Alexander III Portraits

The Alexander III Portraits egg is a jewelled Easter egg made under the supervision of the Russian jeweller Peter Carl Fabergé in 1896, for Nicholas II of Russia.[1]

It was presented by Nicholas II to his mother, the Dowager Empress Maria Feodorovna. The egg is one of four commemorating Alexander III; the other three are the missing Empire Nephrite (1902) and Alexander III Commemorative (1909) eggs and the Alexander III Equestrian egg (1910).[2]

The Egg may have been lent to a London Exhibition in 1935.


A missing Fabergé egg known from its description as the "Alexander III Portraits egg" was previously thought to be the egg from 1895 in the Maria Feodorovna series.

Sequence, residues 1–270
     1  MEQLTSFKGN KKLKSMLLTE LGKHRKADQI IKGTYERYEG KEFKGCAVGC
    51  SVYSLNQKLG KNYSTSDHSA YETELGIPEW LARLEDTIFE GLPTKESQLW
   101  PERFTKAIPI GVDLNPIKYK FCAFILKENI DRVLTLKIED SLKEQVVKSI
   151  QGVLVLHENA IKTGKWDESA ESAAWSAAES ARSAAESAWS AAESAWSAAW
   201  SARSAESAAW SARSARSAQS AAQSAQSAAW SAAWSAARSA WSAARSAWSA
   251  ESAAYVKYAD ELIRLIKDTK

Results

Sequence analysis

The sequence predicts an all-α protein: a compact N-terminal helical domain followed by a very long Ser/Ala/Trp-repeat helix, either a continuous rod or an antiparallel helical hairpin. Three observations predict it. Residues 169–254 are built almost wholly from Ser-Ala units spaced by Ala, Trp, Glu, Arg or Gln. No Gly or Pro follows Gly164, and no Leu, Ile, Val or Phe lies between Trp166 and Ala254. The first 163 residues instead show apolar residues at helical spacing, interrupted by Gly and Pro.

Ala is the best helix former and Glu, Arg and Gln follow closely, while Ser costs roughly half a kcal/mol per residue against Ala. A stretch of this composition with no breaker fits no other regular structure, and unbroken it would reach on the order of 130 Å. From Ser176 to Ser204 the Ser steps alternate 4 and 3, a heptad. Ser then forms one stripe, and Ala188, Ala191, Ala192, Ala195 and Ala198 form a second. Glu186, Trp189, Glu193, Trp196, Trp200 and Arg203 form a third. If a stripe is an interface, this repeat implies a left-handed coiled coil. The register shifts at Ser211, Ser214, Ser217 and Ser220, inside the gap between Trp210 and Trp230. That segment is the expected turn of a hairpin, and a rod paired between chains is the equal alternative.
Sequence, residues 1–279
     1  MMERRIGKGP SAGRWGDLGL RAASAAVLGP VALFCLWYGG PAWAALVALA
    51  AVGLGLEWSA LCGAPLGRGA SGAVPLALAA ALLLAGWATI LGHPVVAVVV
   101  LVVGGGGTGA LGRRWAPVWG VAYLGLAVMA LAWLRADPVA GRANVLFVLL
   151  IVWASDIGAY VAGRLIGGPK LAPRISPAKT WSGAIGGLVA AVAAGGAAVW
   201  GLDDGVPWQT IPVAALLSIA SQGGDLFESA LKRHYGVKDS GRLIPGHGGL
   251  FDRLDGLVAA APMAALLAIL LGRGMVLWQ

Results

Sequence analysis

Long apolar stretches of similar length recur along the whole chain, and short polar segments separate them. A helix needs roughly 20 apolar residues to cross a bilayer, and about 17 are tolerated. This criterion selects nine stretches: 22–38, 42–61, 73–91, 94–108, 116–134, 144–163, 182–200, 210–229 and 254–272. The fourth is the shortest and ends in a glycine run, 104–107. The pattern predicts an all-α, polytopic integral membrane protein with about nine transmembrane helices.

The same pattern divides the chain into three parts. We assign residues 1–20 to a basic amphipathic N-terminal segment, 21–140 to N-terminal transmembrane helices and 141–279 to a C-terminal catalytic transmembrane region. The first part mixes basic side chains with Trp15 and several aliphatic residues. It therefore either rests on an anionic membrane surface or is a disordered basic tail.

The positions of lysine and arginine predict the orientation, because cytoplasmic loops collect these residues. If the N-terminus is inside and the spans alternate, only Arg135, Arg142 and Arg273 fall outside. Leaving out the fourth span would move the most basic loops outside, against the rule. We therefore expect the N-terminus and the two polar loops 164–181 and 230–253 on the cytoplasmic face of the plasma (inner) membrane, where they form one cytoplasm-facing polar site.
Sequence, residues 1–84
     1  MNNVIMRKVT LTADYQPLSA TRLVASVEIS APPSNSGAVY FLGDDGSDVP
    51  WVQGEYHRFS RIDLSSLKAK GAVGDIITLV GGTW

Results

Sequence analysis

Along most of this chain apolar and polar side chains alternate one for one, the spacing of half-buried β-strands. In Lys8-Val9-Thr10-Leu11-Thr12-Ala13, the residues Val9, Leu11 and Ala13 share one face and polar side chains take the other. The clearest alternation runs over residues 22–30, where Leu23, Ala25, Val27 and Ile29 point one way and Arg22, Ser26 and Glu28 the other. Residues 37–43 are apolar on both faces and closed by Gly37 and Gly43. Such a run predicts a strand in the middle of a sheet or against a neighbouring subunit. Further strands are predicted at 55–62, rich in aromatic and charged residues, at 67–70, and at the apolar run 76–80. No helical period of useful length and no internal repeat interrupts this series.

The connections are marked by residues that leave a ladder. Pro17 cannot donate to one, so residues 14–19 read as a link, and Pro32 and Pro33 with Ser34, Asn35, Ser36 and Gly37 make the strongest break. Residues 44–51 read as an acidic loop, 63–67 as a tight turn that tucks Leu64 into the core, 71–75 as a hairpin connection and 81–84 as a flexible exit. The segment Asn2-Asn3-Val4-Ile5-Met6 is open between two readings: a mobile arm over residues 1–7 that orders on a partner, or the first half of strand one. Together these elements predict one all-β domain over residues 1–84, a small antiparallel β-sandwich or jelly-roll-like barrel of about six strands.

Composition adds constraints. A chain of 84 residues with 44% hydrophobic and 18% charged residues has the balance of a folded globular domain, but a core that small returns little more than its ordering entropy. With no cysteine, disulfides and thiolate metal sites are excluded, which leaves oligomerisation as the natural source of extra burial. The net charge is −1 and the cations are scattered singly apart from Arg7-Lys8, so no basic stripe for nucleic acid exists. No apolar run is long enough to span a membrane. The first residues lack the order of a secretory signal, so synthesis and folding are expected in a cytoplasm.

However, following the 2012 rediscovery of the 1887 Third Imperial Egg, announced to the world in March 2014, and the reassignment of the Blue Serpent Clock Egg as the 1895 egg, it became clear that a missing egg identified in the series as the "Alexander III Portraits egg" must be the extant Twelve Monograms egg of 1896.[3][4][5]

The 1896 Twelve Monograms Egg is held at the Hillwood Museum in Washington, D.C.

This theory is now universally agreed and been accepted by Hillwood Museum.


It is believed that this egg contained six miniatures of Emperor Alexander III painted on an ivory background and mounted with sapphires.

See also


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